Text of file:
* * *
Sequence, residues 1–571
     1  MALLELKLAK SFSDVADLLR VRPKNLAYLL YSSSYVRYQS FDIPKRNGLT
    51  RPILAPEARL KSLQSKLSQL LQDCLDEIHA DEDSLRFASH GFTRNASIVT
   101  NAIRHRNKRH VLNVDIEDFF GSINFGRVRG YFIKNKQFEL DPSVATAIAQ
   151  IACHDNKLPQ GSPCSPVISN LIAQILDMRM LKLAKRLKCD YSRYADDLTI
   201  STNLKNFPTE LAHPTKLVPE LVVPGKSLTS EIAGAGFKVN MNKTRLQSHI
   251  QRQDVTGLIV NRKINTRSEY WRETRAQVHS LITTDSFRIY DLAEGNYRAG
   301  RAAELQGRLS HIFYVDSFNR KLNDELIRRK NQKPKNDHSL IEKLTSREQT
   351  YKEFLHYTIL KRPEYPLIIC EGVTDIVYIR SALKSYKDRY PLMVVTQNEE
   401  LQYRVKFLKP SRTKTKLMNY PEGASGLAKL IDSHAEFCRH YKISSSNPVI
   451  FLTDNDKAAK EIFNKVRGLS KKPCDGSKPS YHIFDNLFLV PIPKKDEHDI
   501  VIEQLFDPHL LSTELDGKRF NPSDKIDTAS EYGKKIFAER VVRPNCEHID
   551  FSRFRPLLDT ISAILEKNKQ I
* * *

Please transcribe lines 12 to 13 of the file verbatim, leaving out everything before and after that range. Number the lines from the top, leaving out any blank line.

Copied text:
   501  VIEQLFDPHL LSTELDGKRF NPSDKIDTAS EYGKKIFAER VVRPNCEHID
   551  FSRFRPLLDT ISAILEKNKQ I